Though Bertha died sometime after 601 in Canterbury, evidence of the queen’s influence is still clear today throughout the area. You can travel The Bertha Trail, also called Queen Bertha’s Walk, which features 14 bronze plaques in various locations, including St. Martin’s Church, Canterbury Cathedral, and St. Augustine’s Abbey. A statue of Queen Bertha graces St. Martin’s.

UNESCO named Bertha’s Chapel in St. Martin’s in Canterbury as the oldest church in the English-speaking world, with Christian worship taking place continuously since the sixth century. It is believed she is buried under the steps of St. Martin’s.

Her feast is celebrated on May 1.

Collect for Bertha of Kent
Almighty God, by your Holy Spirit you have made us one with your saints in heaven and on earth: Grant that in our earthly pilgrimage we may always be supported by this fellowship of love and prayer, and know ourselves to be surrounded by their witness to your power and mercy. We ask this for the sake of Jesus Christ, in whom all our intercessions are acceptable through the Spirit, and who lives and reigns for ever and ever. Amen.

Neva Rae Fox

 

Olga of Kiev: Mikhail Nesterov, Public domain, via Wikimedia Commons

Bertha of Kent: Mattana, CC BY-SA 3.0 <https://creativecommons.org/licenses/by-sa/3.0>, via Wikimedia Commons

Subscribe

* indicates required

Recent Posts

________

Archive

Archive

190 comments on “Olga of Kiev v. Bertha of Kent”

  1. Canterburians are right to give thanks
    To St. Bertha, princess of the Franks;
    Who in spite of the danger
    Warmly welcomed the stranger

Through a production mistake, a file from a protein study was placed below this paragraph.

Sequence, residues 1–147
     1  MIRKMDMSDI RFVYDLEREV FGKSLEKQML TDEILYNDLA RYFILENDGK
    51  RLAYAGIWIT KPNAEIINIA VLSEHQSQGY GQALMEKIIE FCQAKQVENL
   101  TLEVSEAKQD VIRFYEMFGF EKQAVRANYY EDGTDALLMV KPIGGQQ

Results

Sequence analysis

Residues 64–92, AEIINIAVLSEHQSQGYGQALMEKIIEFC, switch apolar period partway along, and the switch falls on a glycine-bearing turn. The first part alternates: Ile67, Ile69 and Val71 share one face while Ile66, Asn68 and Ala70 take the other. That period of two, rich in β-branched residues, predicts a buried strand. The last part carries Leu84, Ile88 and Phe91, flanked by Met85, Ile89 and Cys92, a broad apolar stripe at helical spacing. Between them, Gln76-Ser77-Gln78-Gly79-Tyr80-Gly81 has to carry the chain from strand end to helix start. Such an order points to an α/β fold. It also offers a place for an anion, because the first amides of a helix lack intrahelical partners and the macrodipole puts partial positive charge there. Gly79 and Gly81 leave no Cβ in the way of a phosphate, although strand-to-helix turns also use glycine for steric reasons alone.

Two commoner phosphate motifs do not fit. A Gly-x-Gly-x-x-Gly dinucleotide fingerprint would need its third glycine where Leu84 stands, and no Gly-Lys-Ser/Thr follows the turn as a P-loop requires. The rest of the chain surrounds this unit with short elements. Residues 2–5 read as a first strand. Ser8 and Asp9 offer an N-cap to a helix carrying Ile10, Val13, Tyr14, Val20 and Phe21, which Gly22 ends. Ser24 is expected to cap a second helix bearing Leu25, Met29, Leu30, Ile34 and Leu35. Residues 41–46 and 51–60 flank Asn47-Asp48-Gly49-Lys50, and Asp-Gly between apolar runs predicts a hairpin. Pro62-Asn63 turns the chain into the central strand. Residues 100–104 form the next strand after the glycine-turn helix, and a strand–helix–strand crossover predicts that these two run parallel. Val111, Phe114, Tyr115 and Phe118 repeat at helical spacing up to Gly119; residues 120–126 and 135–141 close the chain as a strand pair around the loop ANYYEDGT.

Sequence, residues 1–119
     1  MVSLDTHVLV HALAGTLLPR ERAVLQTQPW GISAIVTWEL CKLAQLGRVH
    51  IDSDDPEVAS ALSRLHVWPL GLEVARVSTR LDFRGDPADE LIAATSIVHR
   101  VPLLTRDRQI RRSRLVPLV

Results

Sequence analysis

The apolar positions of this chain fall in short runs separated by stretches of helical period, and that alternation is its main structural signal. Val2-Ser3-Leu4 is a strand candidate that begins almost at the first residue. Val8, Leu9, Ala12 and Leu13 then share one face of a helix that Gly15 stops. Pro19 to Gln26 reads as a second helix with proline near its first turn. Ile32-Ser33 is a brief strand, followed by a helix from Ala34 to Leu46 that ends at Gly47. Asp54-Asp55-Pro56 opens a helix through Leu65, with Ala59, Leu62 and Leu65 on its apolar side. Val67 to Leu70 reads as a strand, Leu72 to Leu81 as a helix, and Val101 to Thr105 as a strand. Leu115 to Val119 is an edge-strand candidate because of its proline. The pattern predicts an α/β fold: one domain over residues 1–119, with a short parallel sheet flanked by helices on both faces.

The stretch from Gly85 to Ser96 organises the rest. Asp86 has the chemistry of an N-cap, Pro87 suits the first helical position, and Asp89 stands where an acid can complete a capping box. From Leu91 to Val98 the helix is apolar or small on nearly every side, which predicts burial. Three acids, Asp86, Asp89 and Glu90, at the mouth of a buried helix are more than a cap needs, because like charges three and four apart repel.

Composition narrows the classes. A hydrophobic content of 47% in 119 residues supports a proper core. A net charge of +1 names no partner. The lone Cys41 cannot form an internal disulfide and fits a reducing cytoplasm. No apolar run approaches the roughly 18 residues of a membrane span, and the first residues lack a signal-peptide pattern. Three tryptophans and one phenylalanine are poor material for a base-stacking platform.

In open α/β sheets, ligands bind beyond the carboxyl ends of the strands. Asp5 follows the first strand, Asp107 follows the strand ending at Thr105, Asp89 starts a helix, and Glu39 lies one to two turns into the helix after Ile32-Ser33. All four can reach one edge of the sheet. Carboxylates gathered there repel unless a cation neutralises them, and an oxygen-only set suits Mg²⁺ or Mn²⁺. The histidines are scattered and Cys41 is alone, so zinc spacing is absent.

To her town on the Great Stour’s banks.

    70
    1. Love your work. Hope you don't mind that we use them during "Elite 8" in our Morning Prayer "Lent Madness" version.

      4
  2. Why on earth do you let people see the standings again? That is the most dissed, honest part of the whole set up. I was thrilled when you couldn’t see the results the beginning off lamp, madness, and I am very disappointed that you can see them again now before you vote.

    62
    1. I asked to be able to see the current vote, because sometimes it is difficult to choose . . . and I often vote for the underdog 🙂 It used to be a button that you could choose or not, but maybe that is no longer an option. Not sure why it is a problem . . . Are the good voters of Lent Madness really so easily swayed by "seeing the score"? And if we are emulating "March Madness" is there really any contest where you don't know who is winning until the end? I'm glad to be able to see how many people have voted and for whom when I leave my vote.